When he saw an ad for the dating site Ashley Madison, which boasted 36 million members and the tagline, "Life is short, have an affair," he decided to check it out. Everyday, he received more of these come-ons — until he finally said, "Fuck it." "I'm like, ' Hey, all these women want to talk with me,'" he recalls. As anyone who's dated online knows, this is not entirely unusual. "I just figured they're not interested anymore," Russell says.
"' Let me go ahead and put in my credit card information.'" Russell paid $100 for 1,000 credits, which he could spend on sending replies or virtual gifts. After a few months of rejection, he didn't bother to log back on Ashley Madison again.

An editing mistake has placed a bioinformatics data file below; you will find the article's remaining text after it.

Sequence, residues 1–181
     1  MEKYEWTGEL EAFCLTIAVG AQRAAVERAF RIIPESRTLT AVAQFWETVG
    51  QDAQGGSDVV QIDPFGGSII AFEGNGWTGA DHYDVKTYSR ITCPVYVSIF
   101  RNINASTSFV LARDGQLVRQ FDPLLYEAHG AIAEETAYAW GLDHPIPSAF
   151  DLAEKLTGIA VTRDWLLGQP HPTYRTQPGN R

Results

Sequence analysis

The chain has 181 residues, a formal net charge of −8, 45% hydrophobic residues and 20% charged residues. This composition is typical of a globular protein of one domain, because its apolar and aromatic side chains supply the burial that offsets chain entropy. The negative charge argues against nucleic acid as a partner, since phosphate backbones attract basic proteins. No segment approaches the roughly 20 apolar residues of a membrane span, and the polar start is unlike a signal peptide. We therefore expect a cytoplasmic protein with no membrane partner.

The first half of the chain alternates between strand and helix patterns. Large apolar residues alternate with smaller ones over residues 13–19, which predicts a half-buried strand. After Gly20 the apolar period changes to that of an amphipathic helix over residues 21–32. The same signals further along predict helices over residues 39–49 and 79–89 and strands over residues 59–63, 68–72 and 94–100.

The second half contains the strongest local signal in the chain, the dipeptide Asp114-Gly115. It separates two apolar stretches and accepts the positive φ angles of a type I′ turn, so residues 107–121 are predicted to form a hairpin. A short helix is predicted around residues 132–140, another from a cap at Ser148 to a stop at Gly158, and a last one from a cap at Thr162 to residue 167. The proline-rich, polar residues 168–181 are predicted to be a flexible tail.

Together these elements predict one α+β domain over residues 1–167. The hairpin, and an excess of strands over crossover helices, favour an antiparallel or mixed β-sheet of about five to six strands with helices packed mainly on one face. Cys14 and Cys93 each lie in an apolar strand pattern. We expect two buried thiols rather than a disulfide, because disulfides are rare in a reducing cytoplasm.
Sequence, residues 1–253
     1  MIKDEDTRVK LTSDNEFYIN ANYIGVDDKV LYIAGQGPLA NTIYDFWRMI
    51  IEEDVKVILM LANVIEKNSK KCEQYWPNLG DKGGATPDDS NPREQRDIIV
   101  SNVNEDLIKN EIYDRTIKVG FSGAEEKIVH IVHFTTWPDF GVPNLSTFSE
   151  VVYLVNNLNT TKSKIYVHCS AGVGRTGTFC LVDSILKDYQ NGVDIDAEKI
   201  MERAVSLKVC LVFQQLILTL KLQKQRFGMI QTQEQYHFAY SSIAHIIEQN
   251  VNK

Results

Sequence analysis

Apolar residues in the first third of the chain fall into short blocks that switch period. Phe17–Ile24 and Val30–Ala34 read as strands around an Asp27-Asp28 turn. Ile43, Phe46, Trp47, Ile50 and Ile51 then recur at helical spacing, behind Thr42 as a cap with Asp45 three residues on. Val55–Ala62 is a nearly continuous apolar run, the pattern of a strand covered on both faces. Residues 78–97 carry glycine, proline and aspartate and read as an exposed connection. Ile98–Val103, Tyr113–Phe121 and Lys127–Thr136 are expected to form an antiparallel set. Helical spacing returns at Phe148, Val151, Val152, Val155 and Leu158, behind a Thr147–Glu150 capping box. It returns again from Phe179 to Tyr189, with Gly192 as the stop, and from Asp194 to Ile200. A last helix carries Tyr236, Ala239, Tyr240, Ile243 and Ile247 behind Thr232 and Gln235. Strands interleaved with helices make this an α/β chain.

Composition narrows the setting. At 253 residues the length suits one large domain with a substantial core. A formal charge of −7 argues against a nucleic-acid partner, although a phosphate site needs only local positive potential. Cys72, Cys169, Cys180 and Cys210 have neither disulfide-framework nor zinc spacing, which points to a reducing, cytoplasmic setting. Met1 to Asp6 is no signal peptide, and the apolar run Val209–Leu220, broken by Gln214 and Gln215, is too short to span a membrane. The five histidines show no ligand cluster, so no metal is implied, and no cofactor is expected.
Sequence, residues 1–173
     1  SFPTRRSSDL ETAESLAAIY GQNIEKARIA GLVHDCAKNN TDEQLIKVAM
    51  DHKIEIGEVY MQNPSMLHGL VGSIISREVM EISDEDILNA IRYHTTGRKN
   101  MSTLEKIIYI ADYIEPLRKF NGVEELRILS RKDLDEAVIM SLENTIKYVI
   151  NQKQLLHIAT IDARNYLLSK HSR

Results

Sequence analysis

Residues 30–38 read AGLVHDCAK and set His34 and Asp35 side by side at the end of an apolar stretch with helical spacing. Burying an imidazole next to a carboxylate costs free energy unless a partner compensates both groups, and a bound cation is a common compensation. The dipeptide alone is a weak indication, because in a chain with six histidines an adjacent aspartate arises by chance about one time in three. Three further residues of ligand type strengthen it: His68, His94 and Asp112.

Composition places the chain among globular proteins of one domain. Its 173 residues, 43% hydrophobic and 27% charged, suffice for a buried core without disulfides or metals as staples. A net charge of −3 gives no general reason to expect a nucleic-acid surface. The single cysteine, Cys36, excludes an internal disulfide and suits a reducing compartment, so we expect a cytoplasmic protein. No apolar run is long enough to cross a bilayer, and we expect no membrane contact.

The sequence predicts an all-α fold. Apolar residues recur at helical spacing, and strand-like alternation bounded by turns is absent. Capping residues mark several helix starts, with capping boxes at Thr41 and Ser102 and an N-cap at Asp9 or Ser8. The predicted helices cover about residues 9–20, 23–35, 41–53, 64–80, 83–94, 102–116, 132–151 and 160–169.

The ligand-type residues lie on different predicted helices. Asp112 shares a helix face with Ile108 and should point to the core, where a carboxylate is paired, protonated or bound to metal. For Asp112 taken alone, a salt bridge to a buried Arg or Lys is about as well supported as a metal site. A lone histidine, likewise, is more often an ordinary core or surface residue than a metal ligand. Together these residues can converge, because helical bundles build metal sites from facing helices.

Last July, he found out that he wasn't the only one getting the silent treatment.
A hacker group called The Impact Team leaked internal memos from Ashley Madison's parent company, Avid Life, which revealed the widespread use of sexbots — artificially-intelligent programs, posing as real people, intended to seduce lonely hearts like Russell into paying for premium service. The strangers hitting you up for likes on Facebook? And, like many online trends, this one's rising up from the steamier corners of the web.
Whenever you want to make adjustments, you can remove unwanted content with one click.